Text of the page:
Data were analyzed using SPSS version 16. Binary logistic regression was also done to check factors that have association with pDDIs. The significance level was set at P-value less than 0.05.
Ethical clearance was obtained from ethical review board of Mekelle University.
General patient characteristics
Of the total 222 admitted patients’ medical records during the study period, 18 were excluded due to incomplete information, while the remaining 204 were analyzed for pDDIs. The median number of prescribed medications was 3 per patient with a range of 2-14 (Table Of the total 222 admitted patients’ medical records during the study period, 18 were excluded due to incomplete information, while the remaining 204 were analyzed for pDDIs. The median number of prescribed medications was 3 per patient with a range of 2-14 (Table 1).
|Variable||Patient, n (%)|
|Number of prescribed
medications per patient
Table 1: Characteristics of patients admitted at ARH medical ward, 2014.
Prevalence of pDDIs
Overall, 109 (53.4%) patients had at least one pDDIs regardless of type of severity (Table 2).
|Number of pDDIs per patient||Patients: n (%)|
Table 2: Prevalence of pDDIs at ARH medical ward, 2014.
Characterization of pDDIs
Among the 266 pDDIs identified, most were of moderate (143; 53.7%) in severity; good (132; 49.6%) in scientific evidence; delayed onset (123; 46.2%) and were pharmacokinetic in mechanism (142: 53.4%) (Table 3).
|Characteristics||Frequency (in 266 pDDIs) n (%)|
Table 3: Characterization of pDDIs at ARH medical ward, 2014.
Common interacting drug-combinations
Severity of common drug-drug interactions along with their frequencies, onset, mechanism and documentation are shown below (Table 4).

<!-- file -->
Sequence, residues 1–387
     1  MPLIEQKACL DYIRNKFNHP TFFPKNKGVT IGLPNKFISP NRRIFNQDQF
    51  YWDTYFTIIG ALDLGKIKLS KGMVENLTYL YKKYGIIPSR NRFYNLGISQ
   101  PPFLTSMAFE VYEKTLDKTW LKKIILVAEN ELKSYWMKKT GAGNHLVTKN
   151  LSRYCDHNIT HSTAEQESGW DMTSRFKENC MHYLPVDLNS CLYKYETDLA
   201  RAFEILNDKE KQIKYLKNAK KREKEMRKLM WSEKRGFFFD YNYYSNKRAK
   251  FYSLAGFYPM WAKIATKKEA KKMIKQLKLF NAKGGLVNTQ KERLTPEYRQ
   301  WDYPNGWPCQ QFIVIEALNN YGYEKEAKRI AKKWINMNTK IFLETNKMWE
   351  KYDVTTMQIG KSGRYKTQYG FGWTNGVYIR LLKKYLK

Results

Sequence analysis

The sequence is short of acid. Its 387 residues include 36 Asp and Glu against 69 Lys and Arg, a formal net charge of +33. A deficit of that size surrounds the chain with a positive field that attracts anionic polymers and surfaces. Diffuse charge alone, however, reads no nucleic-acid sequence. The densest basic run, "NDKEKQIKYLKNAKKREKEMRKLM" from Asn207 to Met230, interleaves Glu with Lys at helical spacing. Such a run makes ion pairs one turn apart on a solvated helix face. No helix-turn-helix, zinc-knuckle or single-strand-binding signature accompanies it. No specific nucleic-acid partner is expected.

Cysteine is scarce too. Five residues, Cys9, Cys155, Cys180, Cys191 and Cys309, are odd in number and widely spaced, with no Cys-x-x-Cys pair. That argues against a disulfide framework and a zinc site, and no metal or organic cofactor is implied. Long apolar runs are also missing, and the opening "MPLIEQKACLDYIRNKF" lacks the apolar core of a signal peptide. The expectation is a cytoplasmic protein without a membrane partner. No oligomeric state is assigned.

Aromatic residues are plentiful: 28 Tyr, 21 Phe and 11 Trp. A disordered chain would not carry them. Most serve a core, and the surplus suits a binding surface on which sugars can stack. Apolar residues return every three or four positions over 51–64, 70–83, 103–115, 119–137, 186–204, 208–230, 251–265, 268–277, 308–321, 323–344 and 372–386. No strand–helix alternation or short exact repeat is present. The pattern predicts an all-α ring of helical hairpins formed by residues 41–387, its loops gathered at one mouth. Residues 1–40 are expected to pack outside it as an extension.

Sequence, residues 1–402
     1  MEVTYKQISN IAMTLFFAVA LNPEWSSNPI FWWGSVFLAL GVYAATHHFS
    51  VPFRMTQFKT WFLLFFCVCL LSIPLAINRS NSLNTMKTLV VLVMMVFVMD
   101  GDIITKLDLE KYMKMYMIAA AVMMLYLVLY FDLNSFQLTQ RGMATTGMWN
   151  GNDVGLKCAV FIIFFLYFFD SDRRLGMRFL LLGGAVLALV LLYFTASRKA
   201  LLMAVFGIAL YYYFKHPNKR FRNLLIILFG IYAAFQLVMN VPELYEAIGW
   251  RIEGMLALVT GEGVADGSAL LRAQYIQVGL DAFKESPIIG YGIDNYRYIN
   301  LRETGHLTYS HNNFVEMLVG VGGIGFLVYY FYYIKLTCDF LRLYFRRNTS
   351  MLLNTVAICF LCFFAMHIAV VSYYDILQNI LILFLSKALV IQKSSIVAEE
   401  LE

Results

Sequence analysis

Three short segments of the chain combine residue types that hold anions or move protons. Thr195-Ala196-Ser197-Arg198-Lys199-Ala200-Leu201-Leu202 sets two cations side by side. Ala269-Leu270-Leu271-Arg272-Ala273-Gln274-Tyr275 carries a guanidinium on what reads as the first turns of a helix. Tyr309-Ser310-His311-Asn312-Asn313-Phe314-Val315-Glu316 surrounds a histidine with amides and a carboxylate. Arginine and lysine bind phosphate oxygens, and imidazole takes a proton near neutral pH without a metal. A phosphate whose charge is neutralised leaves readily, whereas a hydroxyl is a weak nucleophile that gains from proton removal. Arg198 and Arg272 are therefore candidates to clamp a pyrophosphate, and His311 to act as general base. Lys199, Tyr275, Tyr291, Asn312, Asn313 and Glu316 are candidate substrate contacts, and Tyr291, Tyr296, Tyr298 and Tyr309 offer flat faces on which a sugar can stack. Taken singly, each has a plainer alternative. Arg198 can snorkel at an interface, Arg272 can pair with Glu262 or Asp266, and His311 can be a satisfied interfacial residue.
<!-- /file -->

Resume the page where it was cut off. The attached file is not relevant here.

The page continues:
Table 4: Common interacting drug-combinations at ARH medical ward, 2014. PK=pharmacokinetic, PD=pharmacodynamic.
Risk factors for potential drug interactions
In binary logistic regression analysis, there was significant association between the occurrence of pDDIs with polypharmacy (p<0.001) (Table 5).
|Variables||Drug-drug interaction||AOR (95% CI)||P value|
|No. of medications perpatient
Table 5: Factors associated with pDDIs at ARH medical ward, 2014. *P<0.05, AOR=adjusted odds ratio.
In this study the prevalence of pDDIs was 53.4% per 100 hospitalization episodes. This is a relatively high figure that highlights the importance of this previously unstudied problem in our hospital. Although our methodology and definitions might be different from those used in other studies, the result were similar to previously cited studies [16,23] in hospitalized pediatric patients (52.17% to 66%). Studies that have looked at prevalence of DDIs among hospitalized adult patients have yielded similar results. A prospective study conducted in India has shown that 52.17% (n=230) of hospitalized patients were exposed to 330 pDDIs . This result is almost similar to our findings although the clinically relevant DDIs were low compared to our study. While another study done in the same country found 66% (n=250) pDDIs . The prevalence of contraindicated, major, moderate and minor DDIs were 7 (2.6%), 80 (30.1%), 143 (53.7%) and 36 (13.5%) respectively. Findings from India for major, moderate and minor DDIs were 24.85%, 53.33% and 21.82% respectively . The difference could be explained by lack of availability of alternative drugs in our setup and variation in disease pattern.
The clinical significance of pDDIs in our hospital was also higher than the findings from Brazilian teaching hospital which revealed 3.4% of major DDIs from a total 887 interacting combinations . Similarly, the clinical significance of DDIs was much higher than a study conducted in Indian tertiary care hospital which reported 0.14%, 3.6%, and 27.9% of contraindicated, major and moderate level of clinical significance respectively . But it is similar to findings from another Indian study where the major and moderate DDIs were 24.85%, and 53.33% respectively . This high result could be due to the limited availability of alternative drug in our hospital in addition to the lack of strong ward pharmacist involvement in drug therapy and pharmaceutical care.